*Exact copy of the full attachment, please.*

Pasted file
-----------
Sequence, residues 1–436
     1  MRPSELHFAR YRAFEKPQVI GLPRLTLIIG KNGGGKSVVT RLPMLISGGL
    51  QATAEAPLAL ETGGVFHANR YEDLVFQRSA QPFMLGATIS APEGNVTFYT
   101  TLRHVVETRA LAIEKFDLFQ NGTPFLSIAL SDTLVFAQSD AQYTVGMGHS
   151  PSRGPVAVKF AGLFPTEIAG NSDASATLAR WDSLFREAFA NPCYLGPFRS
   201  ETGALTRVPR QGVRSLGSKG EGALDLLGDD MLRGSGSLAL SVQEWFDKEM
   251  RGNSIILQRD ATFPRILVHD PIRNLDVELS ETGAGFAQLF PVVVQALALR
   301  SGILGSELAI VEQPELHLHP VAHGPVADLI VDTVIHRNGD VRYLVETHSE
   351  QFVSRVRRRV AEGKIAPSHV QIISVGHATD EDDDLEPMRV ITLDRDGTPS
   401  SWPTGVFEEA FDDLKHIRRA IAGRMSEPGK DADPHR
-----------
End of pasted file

Sequence, residues 1–436
     1  MRPSELHFAR YRAFEKPQVI GLPRLTLIIG KNGGGKSVVT RLPMLISGGL
    51  QATAEAPLAL ETGGVFHANR YEDLVFQRSA QPFMLGATIS APEGNVTFYT
   101  TLRHVVETRA LAIEKFDLFQ NGTPFLSIAL SDTLVFAQSD AQYTVGMGHS
   151  PSRGPVAVKF AGLFPTEIAG NSDASATLAR WDSLFREAFA NPCYLGPFRS
   201  ETGALTRVPR QGVRSLGSKG EGALDLLGDD MLRGSGSLAL SVQEWFDKEM
   251  RGNSIILQRD ATFPRILVHD PIRNLDVELS ETGAGFAQLF PVVVQALALR
   301  SGILGSELAI VEQPELHLHP VAHGPVADLI VDTVIHRNGD VRYLVETHSE
   351  QFVSRVRRRV AEGKIAPSHV QIISVGHATD EDDDLEPMRV ITLDRDGTPS
   401  SWPTGVFEEA FDDLKHIRRA IAGRMSEPGK DADPHR